Front-end TDD sucks. Let's make it better!
4 minutes to read
I am a practitioner of test-driven development. I feel the code I write is better while practicing TDD. I am also a front-end developer, mainly using React to build web applications. Recently I have uncovered a tension between these two aspects of myself. Over the last six months I’ve spent more time working on back-end (python) code than front-end. Naturally, I’ve been applying TDD to my work. Almost immediately, I noticed how much easier it was to practice TDD in Python than React. It was only after experiencing this did I realize how unpleasant front-end TDD is. In this post, I explore why this is and what we can do.
One noticeable difference is test execution speed. I can run tens or hundreds of Python unit tests in the time that I can run just a few React tests using
jest. This is certainly impacted by my particular environment and project, but I believe it is because front-end tests execute more code than the Python unit tests on average. The primitive operations in back-end tests such as constructing objects, calling functions, and asserting return values are often faster than common front-end test operations like rendering React components, firing DOM events, and searching for matching elements. One option we have is to enable some front-end code to be tested outside of a browser-like context. I talk about this more later on.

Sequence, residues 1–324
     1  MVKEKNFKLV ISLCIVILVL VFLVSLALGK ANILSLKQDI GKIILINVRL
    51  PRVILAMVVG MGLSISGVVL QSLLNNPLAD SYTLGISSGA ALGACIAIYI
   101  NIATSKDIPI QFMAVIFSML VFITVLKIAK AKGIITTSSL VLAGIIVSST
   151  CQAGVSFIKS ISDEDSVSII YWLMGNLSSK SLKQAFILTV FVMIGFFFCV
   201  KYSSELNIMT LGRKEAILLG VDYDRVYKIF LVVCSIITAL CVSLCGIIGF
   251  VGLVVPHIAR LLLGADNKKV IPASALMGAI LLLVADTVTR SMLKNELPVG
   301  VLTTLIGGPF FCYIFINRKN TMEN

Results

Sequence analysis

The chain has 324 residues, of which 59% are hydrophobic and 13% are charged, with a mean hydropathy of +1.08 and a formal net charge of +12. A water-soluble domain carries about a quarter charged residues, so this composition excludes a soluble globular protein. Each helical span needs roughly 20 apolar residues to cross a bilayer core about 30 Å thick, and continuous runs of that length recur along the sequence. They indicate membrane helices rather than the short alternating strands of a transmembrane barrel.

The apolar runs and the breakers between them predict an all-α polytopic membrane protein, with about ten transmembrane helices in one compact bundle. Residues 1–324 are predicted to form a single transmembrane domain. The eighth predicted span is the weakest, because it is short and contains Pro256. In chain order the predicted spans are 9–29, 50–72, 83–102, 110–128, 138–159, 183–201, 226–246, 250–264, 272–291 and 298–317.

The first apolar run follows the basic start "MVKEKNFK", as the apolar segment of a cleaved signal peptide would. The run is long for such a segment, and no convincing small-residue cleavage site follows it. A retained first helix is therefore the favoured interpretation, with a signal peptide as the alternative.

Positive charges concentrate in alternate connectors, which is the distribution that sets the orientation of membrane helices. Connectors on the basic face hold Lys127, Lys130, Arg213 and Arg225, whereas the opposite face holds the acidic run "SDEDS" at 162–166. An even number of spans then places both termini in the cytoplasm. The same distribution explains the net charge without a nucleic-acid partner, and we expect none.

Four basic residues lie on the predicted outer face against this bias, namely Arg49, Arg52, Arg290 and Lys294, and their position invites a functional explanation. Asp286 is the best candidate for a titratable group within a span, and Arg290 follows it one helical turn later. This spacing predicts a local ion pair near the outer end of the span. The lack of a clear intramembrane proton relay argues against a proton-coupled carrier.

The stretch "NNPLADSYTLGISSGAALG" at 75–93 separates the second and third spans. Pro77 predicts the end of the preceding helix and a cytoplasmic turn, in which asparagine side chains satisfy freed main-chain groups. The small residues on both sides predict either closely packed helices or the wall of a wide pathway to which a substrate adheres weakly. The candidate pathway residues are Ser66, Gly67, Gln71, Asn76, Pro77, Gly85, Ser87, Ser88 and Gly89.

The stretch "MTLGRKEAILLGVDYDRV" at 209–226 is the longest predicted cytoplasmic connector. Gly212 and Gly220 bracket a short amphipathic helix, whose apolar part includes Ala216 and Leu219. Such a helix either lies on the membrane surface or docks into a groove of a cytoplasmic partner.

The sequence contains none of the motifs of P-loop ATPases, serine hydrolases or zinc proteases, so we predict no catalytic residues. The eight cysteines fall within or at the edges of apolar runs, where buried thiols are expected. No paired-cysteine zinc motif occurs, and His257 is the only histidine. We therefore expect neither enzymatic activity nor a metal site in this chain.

Test Failure Messages
When practicing TDD, it is important to consider what someone will see if a test fails. Ideally, all the information she would need to understand and fix the problem would be contained in the message itself. For example, the expected and actual values, the line of code, or even a custom message. In front-end tests, I often have issues with unhelpful error messages. The most common example is when the test is searching for an element matching some description but it does not find it.
could not find an element matching the selector Does this tell you what went wrong? Not really. The element could not exist for many different reasons:
- It could be too early and the element will appear in the future.
- The UI could be in an error state, causing the expected element to be missing.
- The element could exist but the selector does not quite match. For example,
findByText(/login/i)will match a button containing
Loginbut will error in a confusing way if the button changes to contain
Log in. Critically, the tool does nothing to help reveal this simple mistake.